News in brief: from Van Gogh… to Beeple

[05 Mar 2021]

Beeple drives interest in non-fungible tokens (NFTs) market

Will it end up being the most expensive digital artwork of all time? The First 5000 Days (2021) by Mike Winkelmann, aka ‘BEEPLE’, is currently skyrocketing in a Christie’s online auction. On Monday 1 March, four days after the start of the sale, this unique digital collage made up of 5,000 images (i.e. one image per day produced over a period of 13 years) had already reached the price of $3 million…. versus a starting price of just $100 …

Bidders have until March 11 to raise the price of this work well beyond $3 million… which is likely because just a few days ago, another digital work by Beeple (CROSSROAD) sold for $6.6 million – a record for an NFT work – through the online marketplace Nifty Gateway, reserved for digital artworks.

According to Noah Davis, Contemporary art expert at Christie’s, the sale of The First 5000 Days constitutes “a turning point for the future of new media and also for ways of collecting art”. Her remark primarily reflects the work’s status as an “NFT” (non-fungible token)… i.e. a virtual object, the authenticity and traceability of which are theoretically inviolable thanks to “blockchain” technology (used as the underlying technology for cryptocurrencies). Davis believes “we are at a time when we could see a dramatic permutation – a generational shift – in what drives new collectors.” Christie’s is therefore taking a bold step into tomorrow’s art market and it is accepting – for the first time – that this digital artwork be paid for in cryptocurrency (ETH).

Big event for French art market: sale of a Van Gogh in Paris…

The last VAN GOGH ‘s painting to appear at auction was a 41 cm canvas (Fleurs dans un verre, 1890) that fetched $16 million in a prestige Impressionist & Modern art sale hosted by Sotheby’s New York last fall. But the last one in France dates back to 1996 (Petite ferme, $234,000, Laurin-Guilloux-Buffetaud, Drouot). In short a Van Gogh in France is definitely big news for the country’s art market, and this latest ‘discovery’ has a perfect history behind it.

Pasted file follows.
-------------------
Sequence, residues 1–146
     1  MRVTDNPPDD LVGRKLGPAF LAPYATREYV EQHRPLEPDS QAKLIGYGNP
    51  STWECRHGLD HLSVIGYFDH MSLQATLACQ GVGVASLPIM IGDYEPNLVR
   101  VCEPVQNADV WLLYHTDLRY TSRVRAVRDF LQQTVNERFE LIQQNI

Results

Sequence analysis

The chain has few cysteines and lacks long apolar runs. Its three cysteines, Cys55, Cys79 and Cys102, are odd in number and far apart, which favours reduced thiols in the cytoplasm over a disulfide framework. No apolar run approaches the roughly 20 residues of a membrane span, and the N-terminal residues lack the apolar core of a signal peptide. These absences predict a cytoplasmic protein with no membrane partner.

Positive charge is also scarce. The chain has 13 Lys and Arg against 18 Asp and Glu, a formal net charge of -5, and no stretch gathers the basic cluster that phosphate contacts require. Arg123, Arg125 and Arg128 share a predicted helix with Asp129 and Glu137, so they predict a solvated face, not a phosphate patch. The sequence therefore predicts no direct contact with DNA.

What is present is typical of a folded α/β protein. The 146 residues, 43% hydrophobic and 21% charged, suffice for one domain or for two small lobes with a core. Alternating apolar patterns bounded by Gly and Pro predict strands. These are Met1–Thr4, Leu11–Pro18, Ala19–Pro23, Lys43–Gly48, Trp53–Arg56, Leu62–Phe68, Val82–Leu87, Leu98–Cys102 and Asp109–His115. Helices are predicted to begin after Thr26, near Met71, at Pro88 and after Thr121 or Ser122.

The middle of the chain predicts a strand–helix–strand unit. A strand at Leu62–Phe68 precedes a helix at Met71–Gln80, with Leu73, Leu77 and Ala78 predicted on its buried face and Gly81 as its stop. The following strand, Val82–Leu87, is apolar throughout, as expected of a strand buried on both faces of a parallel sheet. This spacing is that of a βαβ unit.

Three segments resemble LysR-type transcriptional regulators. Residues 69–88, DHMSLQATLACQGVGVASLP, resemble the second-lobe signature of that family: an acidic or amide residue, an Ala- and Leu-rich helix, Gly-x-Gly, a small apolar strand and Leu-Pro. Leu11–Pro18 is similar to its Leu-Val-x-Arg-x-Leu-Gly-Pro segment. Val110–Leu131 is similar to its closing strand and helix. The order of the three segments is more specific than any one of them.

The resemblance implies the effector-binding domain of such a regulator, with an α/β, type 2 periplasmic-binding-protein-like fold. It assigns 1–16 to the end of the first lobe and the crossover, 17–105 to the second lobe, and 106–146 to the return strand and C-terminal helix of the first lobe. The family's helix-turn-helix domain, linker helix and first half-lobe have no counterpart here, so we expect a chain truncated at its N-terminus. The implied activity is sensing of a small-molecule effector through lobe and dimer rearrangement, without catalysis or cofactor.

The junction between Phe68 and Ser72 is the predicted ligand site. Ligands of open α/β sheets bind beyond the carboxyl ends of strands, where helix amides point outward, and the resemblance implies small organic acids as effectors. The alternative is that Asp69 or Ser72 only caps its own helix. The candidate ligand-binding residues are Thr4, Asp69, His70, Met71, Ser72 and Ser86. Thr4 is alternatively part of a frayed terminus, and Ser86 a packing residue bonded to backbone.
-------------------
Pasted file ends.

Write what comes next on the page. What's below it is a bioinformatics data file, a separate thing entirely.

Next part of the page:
Street scene in Montmartre was painted in 1887 during a visit to Paris that Van Gogh finally extended to two years. The canvas takes us to Impasse des Deux Frères, opposite the Moulin à Poivre in rural Montmartre before the Sacré-Coeur cathedral was built. “It shows us what Montmartre was like at the end of the 19th century”, says Aurélie Vandevoorde, Head of the Impressionist & Modern Art Department at Sotheby’s France. “Most of his so-called ‘Montmartre paintings’ belong to major international museums like the Rijksmuseum in Amsterdam, the Carnegie Institute in Pittsburgh and the Bridgestone Museum of Art in Tokyo.

However, Scène de rue à Montmartre was unknown to the public because it had remained in the same French private collection for 100 years before its discovery by Claudia Mercier and Fabien Mirabaud (from the Mirabaud Mercier Auction House). “This unique find is above all the story of a family who gave us full access to the painting and placed their trust in us. The work, never exhibited in public, was acquired in the 1920s and has never reappeared on the art market.” Its sale in Paris was “a condition imposed by the sellers… in order to support the ‘local’ art market” explains Fabien Mirabaud, who approached Sotheby’s to organise a joint sale in order to give the canvas powerful international coverage.

Vincent Van Gogh, Scène de rue à Montmartre (Impasse des Deux Frères et le Moulin à Poivre) (1887). Estimation:$ 6.034.300- $9.654.880, Sotheby’s Paris.


The painting will be offered for sale at Sotheby’s Paris on the evening of 25 March in a live sale with video-links to Sotheby’s teams in New York, Hong Kong and London. As part of its pre-sale campaign, Sotheby’s is taking the work to Amsterdam and Hong Kong. According to Claudia Mercier, auctioneer at Mirabaud Mercier “Amsterdam is where the artist’s greatest collectors are located and where it will be studied by the Van Gogh museum which has shown a genuine interest in the work . The work will then travel to Hong Kong before returning to Paris (first Drouot, then Sotheby’s).

The $6 – $9.6 million estimate is very conservative for a work by Van Gogh who already has seven results above the $50 million threshold to his name. Street Scene in Montmartre is irreproachable both in terms of its condition and its provenance and is extremely rare. Moreover, the subject is an important Van Gogh theme and the painting is of ‘comfortable’ dimensions (46.1 x 61.3 cm). In short, the combination of these factors will almost certainly push the bidding beyond $10 million.